Probiotics modulate the immune response in children suffering from coeliac disease (CD) by reducing the pro- inflammatory cytokine tumour necrosis factor-alpha (TNF-alpha), according to a recent double-blind placebo-controlled trial. However, in this study the effects only lasted during active treatment, suggesting ongoing probiotic treatment may be required for children suffering immune-related gastrointestinal disorders.
As gluten can cause a dysregulated immune response leading to intestinal mucosal injury, intestinal permeability and malabsorption, CD is treated with a gluten free diet (GFD). However, studies have shown that gluten is not the only environmental factor in CD. The gut microbiota play a role in modulating the immune response through constant interplay with the mucosal immune system, and studies have shown that a dysbiotic gut may actually enhance the inflammatory response and damage caused by gluten.
In the recent study, 49 children on a GFD diet were randomised into two groups, with the treatment group receiving 2 billion CFUs of Bifidobacteria breve for three months. TNF-alpha levels were significantly reduced at the end of the intervention period, however levels increased again on follow-up, three months after treatment ceased, while still on the GFD. Therefore, a GFD diet alone only partially normalises the common imbalances of low Bifidobacterium spp. and high Bacteroides spp. seen in CD sufferers and may not modulate the inflammatory immune responses.
These findings are supported in an earlier 2014 double-blind randomised placebo-controlled study in which Bifidobacterium longum (1 billion CFUs) given to 33 children on a GFD decreased peripheral CD3+ T lymphocytes and TNF-alpha levels. Additionally, it rebalanced gut microbiota composition by increasing bifidobacteria counts and reducing the potentially pathogenic and pro-inflammatory bacteria Bacteroides fragilis.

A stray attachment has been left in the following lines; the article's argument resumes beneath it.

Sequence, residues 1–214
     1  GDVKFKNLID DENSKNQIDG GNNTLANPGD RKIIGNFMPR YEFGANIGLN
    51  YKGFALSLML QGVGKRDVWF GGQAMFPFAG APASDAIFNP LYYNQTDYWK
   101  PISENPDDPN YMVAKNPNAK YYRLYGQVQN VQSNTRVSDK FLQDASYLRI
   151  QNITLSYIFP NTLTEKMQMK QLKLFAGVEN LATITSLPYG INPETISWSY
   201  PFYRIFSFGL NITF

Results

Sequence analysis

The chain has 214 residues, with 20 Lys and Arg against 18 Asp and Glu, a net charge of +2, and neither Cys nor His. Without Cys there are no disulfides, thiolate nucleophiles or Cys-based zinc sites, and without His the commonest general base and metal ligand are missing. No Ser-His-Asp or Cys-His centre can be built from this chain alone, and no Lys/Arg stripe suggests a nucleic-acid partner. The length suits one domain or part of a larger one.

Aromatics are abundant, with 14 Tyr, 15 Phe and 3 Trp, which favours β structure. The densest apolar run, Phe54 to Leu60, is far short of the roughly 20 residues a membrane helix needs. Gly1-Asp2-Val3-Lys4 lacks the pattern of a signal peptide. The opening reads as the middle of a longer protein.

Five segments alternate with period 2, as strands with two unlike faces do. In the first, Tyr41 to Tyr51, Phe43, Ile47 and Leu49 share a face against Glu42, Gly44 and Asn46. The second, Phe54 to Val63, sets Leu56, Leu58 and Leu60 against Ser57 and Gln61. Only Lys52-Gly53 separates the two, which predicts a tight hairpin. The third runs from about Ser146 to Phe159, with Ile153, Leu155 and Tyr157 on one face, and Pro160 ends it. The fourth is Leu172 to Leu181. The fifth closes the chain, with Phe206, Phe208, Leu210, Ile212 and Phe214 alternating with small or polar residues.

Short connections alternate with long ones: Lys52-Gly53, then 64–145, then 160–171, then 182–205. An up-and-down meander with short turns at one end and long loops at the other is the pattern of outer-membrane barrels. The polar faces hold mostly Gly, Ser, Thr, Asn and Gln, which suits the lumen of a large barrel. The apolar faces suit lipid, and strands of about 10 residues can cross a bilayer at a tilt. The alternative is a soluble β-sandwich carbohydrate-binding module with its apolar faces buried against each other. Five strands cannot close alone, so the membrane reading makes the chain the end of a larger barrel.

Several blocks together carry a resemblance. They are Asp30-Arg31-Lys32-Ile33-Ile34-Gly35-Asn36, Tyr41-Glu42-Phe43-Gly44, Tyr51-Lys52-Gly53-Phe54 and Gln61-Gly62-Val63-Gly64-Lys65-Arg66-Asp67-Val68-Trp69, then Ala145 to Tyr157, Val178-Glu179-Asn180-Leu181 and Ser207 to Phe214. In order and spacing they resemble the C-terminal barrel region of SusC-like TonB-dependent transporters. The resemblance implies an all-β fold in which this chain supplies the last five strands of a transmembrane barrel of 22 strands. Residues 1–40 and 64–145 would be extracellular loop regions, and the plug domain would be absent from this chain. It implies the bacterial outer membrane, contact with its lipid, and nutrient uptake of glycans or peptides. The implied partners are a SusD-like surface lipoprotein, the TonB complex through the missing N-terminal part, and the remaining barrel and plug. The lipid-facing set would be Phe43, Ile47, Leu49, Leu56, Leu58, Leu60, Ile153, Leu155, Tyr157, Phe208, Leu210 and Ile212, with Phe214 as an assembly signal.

Due to the disturbed microbiota composition of CD sufferers, the difficulty in adhering strictly to a GFD and the lack of a positive effect on TNF-alpha while only on the GFD, these studies suggest that successful treatment of CD may require constant probiotic therapy to modulate inappropriate immune responses and decrease gluten toxicity in children.
- Klemenak M, Dolinsek J, Langerholc T, et al. Administration of Bifidobacterium breve decreases the production of TNF-alpha in children with celiac disease. Dig Dis Sci 2015, July 2 [Epub ahead of print]. [Abstract]
- Olivares M, Castillejo G, Varea V, et al. Double-blind, randomised, placebo-controlled intervention trial to evaluate the effects of Bifidobacterium longum cect 7347 in children with newly diagnosed coeliac disease. Br J Nutr 2014;112(1):30-40. [Full text]